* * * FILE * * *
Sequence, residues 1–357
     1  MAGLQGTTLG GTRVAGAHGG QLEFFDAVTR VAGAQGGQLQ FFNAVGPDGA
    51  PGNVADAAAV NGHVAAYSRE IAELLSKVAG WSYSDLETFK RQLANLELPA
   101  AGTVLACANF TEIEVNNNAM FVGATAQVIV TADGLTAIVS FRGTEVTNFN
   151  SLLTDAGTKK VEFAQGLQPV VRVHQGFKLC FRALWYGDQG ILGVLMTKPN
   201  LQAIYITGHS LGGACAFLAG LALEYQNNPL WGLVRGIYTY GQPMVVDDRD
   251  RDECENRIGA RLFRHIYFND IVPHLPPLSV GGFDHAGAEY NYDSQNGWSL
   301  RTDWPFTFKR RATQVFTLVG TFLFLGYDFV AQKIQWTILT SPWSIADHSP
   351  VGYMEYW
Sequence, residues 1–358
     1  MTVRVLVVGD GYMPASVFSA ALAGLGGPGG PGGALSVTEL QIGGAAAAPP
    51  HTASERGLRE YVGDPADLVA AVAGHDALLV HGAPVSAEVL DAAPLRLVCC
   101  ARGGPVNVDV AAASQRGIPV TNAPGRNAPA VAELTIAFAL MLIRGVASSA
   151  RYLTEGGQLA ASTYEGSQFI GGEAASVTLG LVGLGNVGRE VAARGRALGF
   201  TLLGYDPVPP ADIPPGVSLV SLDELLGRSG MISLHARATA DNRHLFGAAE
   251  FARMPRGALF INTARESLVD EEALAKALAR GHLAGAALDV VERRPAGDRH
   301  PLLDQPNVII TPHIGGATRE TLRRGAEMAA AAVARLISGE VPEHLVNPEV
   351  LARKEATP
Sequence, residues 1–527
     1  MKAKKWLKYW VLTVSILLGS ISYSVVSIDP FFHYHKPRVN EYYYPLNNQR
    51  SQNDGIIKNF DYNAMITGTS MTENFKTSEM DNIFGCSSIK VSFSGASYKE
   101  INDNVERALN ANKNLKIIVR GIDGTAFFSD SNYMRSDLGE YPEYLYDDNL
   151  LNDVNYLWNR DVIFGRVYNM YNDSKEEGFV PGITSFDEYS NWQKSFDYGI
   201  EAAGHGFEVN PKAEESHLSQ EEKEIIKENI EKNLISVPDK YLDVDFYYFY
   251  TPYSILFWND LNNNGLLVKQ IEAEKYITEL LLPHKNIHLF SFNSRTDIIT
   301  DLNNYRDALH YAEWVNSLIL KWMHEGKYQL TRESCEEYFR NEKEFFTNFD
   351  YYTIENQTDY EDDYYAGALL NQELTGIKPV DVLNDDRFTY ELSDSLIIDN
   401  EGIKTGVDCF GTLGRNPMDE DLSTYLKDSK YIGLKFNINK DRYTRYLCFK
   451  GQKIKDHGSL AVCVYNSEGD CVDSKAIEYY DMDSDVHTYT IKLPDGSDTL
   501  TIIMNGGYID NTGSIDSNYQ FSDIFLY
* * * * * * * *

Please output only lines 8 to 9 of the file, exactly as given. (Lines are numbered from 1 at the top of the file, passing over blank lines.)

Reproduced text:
   301  RTDWPFTFKR RATQVFTLVG TFLFLGYDFV AQKIQWTILT SPWSIADHSP
   351  VGYMEYW